New Delhi: Farm unions protesting the three reform laws on Thursday rejected the centre’s proposal to suspend the laws for a limited period of time and said their agitation will continue for repealing the laws and making assured government purchases at support prices a legal entitlement.
On Wednesday the government had offered to suspend the laws for up to 18 months, continue the ongoing dialogue with unions and urged farmers to withdraw their agitation. Farm unions will convey their decision at a meeting with the government on Friday.
“In a full general body meeting of the Samyukt Kisan Morcha, the proposal put forth by the government was rejected. A full repeal of the three central farm acts and enacting a legislation for remunerative MSP for all farmers were reiterated as pending demands of the movement," the unions said in a statement.
On 20 January, the government had extended the offer to suspend the laws for a limited period to placate farm unions who are planning to march with tractors into the national capital on 26 January, India’s Republic Day. The government proposal came during the tenth round of talks with farm unions. Earlier the unions had rejected an offer to amend the laws.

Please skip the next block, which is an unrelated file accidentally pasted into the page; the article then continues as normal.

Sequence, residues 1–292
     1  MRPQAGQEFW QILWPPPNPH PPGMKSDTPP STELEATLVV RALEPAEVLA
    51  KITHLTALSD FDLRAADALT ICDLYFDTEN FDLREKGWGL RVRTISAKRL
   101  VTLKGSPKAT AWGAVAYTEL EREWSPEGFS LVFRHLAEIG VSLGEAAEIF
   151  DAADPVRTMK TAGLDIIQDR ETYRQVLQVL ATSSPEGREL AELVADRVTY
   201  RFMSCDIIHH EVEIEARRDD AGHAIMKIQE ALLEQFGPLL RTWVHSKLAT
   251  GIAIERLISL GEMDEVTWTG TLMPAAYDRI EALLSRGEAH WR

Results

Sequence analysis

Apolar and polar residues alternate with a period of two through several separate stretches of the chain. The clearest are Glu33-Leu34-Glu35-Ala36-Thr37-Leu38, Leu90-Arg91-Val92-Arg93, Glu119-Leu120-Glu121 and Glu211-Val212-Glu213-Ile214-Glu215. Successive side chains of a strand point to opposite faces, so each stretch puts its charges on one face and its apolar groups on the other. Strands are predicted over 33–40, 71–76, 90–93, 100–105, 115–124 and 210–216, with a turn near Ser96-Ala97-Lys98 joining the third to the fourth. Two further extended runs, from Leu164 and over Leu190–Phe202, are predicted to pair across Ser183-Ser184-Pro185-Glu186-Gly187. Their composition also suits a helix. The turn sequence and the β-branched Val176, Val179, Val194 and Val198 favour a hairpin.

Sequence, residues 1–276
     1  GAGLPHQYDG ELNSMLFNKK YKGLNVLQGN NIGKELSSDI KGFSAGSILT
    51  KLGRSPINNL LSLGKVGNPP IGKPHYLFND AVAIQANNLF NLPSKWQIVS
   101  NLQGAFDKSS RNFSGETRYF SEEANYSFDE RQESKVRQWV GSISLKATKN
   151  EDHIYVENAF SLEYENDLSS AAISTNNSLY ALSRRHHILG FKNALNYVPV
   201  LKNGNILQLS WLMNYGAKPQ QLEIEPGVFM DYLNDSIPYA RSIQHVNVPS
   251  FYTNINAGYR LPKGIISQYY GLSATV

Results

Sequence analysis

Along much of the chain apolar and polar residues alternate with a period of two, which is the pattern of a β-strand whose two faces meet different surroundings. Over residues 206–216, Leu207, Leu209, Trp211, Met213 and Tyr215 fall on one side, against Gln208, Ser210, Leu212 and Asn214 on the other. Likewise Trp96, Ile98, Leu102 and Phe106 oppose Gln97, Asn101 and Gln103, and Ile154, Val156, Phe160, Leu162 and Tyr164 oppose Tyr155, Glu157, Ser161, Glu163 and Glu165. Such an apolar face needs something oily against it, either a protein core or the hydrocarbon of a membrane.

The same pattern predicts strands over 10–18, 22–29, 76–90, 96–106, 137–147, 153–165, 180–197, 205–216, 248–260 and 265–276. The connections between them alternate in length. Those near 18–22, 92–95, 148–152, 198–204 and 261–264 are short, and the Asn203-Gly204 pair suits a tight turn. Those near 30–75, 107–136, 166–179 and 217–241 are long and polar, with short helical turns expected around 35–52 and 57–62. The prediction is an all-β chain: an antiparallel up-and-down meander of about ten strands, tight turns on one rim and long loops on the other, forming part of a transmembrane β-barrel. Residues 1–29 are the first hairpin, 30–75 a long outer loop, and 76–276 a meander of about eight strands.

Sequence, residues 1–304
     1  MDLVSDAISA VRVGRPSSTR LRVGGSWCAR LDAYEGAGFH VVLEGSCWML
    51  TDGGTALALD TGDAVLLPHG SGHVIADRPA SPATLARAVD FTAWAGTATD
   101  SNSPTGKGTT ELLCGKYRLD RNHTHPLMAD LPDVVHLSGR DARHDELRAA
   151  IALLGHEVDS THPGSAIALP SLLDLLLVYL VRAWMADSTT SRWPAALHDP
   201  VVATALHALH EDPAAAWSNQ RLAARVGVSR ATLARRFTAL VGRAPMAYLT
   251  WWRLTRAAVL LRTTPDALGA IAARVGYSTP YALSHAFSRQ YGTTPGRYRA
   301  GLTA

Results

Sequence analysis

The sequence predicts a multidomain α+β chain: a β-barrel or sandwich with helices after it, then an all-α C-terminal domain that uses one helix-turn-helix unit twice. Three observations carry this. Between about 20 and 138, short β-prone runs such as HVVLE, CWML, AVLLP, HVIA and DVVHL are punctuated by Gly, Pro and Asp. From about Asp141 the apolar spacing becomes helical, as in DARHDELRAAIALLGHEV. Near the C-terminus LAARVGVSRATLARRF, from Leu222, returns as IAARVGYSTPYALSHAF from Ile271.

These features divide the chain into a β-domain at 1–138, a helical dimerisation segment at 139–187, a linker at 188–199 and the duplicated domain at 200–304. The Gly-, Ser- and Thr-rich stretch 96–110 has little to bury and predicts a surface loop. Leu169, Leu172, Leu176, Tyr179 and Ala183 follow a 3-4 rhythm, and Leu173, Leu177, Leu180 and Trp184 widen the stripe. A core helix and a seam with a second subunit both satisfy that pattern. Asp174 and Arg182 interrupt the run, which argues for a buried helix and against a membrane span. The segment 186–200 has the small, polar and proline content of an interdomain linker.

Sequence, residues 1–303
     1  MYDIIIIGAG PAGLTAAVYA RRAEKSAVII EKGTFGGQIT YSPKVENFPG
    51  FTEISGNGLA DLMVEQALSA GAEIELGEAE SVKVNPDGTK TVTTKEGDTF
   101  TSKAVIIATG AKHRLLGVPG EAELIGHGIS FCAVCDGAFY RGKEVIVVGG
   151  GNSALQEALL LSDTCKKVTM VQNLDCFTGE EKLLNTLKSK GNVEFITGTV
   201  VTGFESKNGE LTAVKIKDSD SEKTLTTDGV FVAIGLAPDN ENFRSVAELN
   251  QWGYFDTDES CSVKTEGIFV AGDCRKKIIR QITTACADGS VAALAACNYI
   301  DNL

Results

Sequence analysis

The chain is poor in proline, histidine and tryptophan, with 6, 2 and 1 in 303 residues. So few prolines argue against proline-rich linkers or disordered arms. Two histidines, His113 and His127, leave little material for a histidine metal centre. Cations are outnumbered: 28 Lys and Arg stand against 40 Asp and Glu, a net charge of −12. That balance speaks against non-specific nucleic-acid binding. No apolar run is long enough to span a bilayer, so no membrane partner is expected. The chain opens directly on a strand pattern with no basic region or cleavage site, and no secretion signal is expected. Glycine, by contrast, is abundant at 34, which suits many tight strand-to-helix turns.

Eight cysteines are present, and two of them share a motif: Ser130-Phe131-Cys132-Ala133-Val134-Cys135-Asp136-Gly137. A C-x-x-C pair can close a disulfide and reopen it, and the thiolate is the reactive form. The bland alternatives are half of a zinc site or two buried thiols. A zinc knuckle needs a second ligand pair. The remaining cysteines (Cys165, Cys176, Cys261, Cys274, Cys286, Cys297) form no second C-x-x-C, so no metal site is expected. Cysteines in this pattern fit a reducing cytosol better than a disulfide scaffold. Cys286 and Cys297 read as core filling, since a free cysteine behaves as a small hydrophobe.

Samyukta Kisan Morcha, the coalition of farm unions leading the agitation, further said that in a meeting held with police officials on Thursday farmers were requested not to conduct the march. Farm unions, however, reiterated they will march with tractors on the outer ring road of Delhi on Republic Day.
According to a farmer leader who did not want to be named, the day-long discussion among unions was a difficult exercise in consensus building. One group was open give a counteroffer to the government to suspend the laws indefinitely till a mutually agreeable solution is reached. But some took a strong position and said they will not accept anything short of a repeal of the laws.
The Supreme Court had earlier (on 12 January) stayed the implementation of the laws and formed an expert committee. The three-member committee met on Thursday and discussed the laws with ten farmer associations from different states. However, the Samyukt Kisan Morcha which is negotiating with the government was not a part of these discussions since it had refused to appear before the court-appointed committee.
Over 200,000 farmers are camping at different entry points to Delhi for close to two months now with a demand to repeal the reform laws which they fear will lead to ‘corporate control’ of agriculture markets and weaken assured government purchases at support prices.